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Romeo and Juliet - the post-modern features that Baz Lurhmann incorporates into his adaptation

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Romeo and Juliet To complete this task I have watched Baz Lurhmann's adaptation of William Shakespeare's Romeo and Juliet. In this essay I intend to look at the post-modern features he incorporates in the film. I also want to look at why he has chosen to present a particular scene in this manner. If we look at this film, we see that is certainly a post-modern text. It makes use of intertexuality and bricolage. Baz Lurhmann decides to play with genres - old with new. He takes a Shakespearean play and modernises it by producing it in the 20th century Western World. It uses bricolage as it makes use of a mixture of high and low culture. If we choose to concentrate on the opening of the film, we find that there is a news anchorwoman reading the prologue from the play. ...read more.


The opening of the film has a very pop video feel to it. The delivery of speech appears to be similar of a rap performance. This again ties in with the mixing up of a very modern western world with very old English setting. If we look closely at the opening in the petrol station, we find many similarities to today's soap operas. The names of each character are listed and there is many an advertisement. This is again a clear example of intertexuality, another very post-modern concept. Baz Lurhmann wanted to bring the script to life and as Romeo and Juliet was set in a world of violence and religion he selected Mexico for filming. He did this as he believes that there are 'Textual facts in the play, having to do with Elizabethan England, that exist in Mexico.' ...read more.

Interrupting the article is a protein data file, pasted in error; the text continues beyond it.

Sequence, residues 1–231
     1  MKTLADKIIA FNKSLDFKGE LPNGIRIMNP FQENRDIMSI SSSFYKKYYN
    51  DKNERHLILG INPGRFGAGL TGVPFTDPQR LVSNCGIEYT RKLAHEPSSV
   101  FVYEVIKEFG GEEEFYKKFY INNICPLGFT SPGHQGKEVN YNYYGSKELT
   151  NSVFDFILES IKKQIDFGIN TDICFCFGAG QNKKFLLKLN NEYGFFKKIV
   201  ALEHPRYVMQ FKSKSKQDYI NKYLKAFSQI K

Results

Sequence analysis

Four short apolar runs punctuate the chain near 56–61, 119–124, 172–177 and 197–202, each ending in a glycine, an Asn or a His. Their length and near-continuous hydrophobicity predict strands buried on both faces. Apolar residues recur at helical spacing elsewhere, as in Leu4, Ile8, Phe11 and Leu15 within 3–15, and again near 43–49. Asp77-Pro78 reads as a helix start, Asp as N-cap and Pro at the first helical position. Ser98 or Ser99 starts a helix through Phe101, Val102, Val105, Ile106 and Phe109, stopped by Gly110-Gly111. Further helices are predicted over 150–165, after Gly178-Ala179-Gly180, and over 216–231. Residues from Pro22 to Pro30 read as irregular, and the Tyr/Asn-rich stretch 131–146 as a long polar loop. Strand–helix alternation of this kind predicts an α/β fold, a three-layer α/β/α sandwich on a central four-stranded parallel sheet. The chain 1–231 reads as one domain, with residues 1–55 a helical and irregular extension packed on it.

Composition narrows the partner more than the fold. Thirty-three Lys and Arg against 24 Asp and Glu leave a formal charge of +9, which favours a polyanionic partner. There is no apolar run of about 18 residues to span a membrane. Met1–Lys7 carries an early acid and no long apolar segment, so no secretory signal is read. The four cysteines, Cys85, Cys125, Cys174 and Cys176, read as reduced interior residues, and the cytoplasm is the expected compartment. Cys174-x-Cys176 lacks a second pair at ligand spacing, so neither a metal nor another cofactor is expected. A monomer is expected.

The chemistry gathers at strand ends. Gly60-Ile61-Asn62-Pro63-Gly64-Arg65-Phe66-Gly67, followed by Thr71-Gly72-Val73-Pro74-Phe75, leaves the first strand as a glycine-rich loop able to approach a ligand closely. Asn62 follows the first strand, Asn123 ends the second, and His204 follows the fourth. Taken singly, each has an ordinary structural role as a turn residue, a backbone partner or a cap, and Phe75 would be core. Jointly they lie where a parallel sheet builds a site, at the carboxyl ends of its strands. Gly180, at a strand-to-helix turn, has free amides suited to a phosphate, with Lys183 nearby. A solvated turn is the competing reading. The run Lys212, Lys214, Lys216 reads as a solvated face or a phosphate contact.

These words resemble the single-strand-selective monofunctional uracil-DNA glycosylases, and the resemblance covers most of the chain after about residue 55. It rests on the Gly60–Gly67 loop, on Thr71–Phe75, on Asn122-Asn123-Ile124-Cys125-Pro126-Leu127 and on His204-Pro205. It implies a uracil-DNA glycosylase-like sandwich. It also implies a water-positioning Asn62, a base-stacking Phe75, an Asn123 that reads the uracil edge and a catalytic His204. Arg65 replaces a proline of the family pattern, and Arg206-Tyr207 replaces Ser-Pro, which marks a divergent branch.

If we look at the costumes and the props used, we find that it has a big 1950's feel to it. The clothes worn and cars used indicated this - as there was a lot of beachwear and the two tribes both had big American 1950's cars. One of my favourite post-modern elements was Mercutio was dressed as a female. That made use of a very modern day 'transsexual' issue that exists in today's society. The fairground scene was also very characteristic of a western world. It incorporated elements such as glam disco music and drugs all very real in modern American Culture. Baz Lurhmann's aim was to break down distinctions and determined to devise a 'created' world in which language and the more obscure elements of the elements of the plot could be simplified. In conclusion this film takes a very high cultured play and marries it with low culture. ...read more.

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